If you’ve noticed that my posting velocity has slowed over the past few weeks, you can quite simply just blame David Weber.
On the recommendation of +Jill McTavish, since I’d complained that I’d read through most of my fluff reading that I do to decompress after work, she passed on to me the first five volumes of the series on eBook.
The series is basically Horiatio Hornblower . . . innnn spaaaace! And when I say this, I say it as someone who devoured every single Hornblower book that was available on eBook format that I could get my hands on. I also have read the Temeraire series as well as most, but not all, of the Aubrey-Maturin novels (think Master and Commander).
So if you get the feeling that I really enjoy the heck out of Age of Sail stories, you’re not wrong. If you think that saying this is Hornblower in space is somehow derogatory statemetn, you are, in fact, mistaken.
In fact, I’m seriously considering taking my interest in Age of Sail action/adventure and doing more with it, from a GURPS point of view. I’ve had a couple chats with a few people in GURPS-world, and I’m sure I could do something I think people would like. Only question in my mind would be “Pyramid or e23,” but I’d write it first, and then figure out the best venue. But there are enough foundations already out there that nudging them together into something workable for the late 18th century (or swashbucklers and pirates and Napoleonic naval awesomeness in general) feels like it would be more evolution than innovation.
Sorry for those who read my first version of this post and thought I wanted to wade into the Honorverse with some sort of supplement. While I could probably do such a thing, +Fred Brackin captures some of the mechanical issues in the comments section.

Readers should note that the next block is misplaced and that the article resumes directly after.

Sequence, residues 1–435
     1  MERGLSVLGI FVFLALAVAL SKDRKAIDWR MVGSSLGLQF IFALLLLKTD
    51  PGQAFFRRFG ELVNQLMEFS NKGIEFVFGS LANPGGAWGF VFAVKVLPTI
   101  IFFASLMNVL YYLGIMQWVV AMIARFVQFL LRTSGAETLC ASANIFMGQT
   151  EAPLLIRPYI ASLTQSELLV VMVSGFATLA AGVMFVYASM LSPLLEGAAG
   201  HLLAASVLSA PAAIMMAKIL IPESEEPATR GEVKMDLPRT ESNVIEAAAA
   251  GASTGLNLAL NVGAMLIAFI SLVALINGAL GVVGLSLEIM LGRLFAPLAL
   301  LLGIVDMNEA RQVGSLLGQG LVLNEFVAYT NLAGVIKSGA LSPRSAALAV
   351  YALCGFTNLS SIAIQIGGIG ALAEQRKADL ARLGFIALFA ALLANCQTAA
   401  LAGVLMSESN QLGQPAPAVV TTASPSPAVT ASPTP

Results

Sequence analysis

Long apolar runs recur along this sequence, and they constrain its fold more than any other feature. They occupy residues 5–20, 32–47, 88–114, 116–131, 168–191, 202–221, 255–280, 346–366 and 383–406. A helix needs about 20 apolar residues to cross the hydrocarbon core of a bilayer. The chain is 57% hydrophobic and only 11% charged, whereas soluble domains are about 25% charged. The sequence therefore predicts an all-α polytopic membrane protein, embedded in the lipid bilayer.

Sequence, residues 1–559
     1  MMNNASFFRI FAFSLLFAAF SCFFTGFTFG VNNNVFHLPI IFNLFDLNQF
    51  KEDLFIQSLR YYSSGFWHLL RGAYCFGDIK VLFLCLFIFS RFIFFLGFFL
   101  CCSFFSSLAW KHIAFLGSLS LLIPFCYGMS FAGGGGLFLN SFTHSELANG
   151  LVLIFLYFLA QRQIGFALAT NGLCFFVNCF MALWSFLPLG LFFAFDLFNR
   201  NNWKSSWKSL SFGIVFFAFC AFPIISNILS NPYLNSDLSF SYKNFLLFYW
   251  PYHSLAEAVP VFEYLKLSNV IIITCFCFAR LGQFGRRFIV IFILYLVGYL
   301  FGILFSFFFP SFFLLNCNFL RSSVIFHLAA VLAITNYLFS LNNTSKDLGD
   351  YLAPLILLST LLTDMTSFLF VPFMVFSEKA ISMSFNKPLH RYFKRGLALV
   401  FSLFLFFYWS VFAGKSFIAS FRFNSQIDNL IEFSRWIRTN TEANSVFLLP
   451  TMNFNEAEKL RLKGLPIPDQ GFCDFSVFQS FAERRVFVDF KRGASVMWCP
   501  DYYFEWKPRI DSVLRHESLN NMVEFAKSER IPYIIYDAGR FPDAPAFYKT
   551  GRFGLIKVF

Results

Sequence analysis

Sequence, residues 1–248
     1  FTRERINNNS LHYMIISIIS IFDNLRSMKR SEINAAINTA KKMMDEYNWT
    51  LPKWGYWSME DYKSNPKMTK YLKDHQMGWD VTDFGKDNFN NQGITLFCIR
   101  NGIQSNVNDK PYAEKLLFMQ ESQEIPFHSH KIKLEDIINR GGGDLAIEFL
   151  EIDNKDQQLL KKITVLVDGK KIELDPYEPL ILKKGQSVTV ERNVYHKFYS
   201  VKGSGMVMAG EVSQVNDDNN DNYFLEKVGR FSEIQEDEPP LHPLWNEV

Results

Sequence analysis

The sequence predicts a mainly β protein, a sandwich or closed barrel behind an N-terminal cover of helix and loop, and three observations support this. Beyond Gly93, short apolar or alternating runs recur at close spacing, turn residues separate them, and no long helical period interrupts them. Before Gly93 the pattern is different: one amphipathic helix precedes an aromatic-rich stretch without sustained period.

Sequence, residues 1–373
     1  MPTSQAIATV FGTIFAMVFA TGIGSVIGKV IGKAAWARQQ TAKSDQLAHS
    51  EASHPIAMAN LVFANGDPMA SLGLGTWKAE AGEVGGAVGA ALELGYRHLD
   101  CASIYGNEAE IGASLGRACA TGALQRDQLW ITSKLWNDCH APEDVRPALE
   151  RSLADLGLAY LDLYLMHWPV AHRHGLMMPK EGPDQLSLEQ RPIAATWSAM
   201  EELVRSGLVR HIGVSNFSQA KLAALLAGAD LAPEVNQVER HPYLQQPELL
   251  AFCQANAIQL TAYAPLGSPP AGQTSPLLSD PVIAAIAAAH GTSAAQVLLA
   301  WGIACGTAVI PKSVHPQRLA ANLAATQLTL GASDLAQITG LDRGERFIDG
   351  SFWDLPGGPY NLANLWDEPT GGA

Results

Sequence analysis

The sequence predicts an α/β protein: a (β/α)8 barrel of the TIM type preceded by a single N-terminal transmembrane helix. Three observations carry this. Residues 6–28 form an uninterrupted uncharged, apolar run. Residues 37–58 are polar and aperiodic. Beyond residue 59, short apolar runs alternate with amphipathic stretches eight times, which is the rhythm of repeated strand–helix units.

But back to Honor Harrington. There are a lot of books. The Wiki lists the ones written by Weber as full novels as follows:
Honor Harrington series
- On Basilisk Station (April 1993) ISBN 0-671-57793-X
- The Honor of the Queen (June 1993) ISBN 0-671-57864-2
- The Short Victorious War (April 1994) ISBN 0-671-87596-5
- Field of Dishonor (October 1994) ISBN 0-671-57820-0
- Flag in Exile (September 1995) ISBN 0-671-31980-9
- Honor Among Enemies (February 1996) ISBN 0-671-87723-2
- In Enemy Hands (July 1997) ISBN 0-671-57770-0
- Echoes of Honor (October 1998) ISBN 0-671-57833-2
- Ashes of Victory (March 2000) ISBN 0-671-57854-5
- War of Honor (October 2002) ISBN 0-7434-3545-1
- At All Costs (November 2005) ISBN 1-4165-0911-9
- Mission of Honor (June 2010) ISBN 1-4391-3361-1
- A Rising Thunder (March 6, 2012) ISBN 1-4516-3806-6
I’ve barreled my way through the first nine books, and am currently starting War of Honor. I have lost far too many hours of sleep (I can only read at night) to this series. Weber has a nice way of blending deep interest in the characters themselves with plausible-enough military tactics, with a very nice depth of technology. It’s not quite so in-your-face as a technothriller like a Clancy novel, but there is very clearly a deep, wide background of basically self-consistent tech.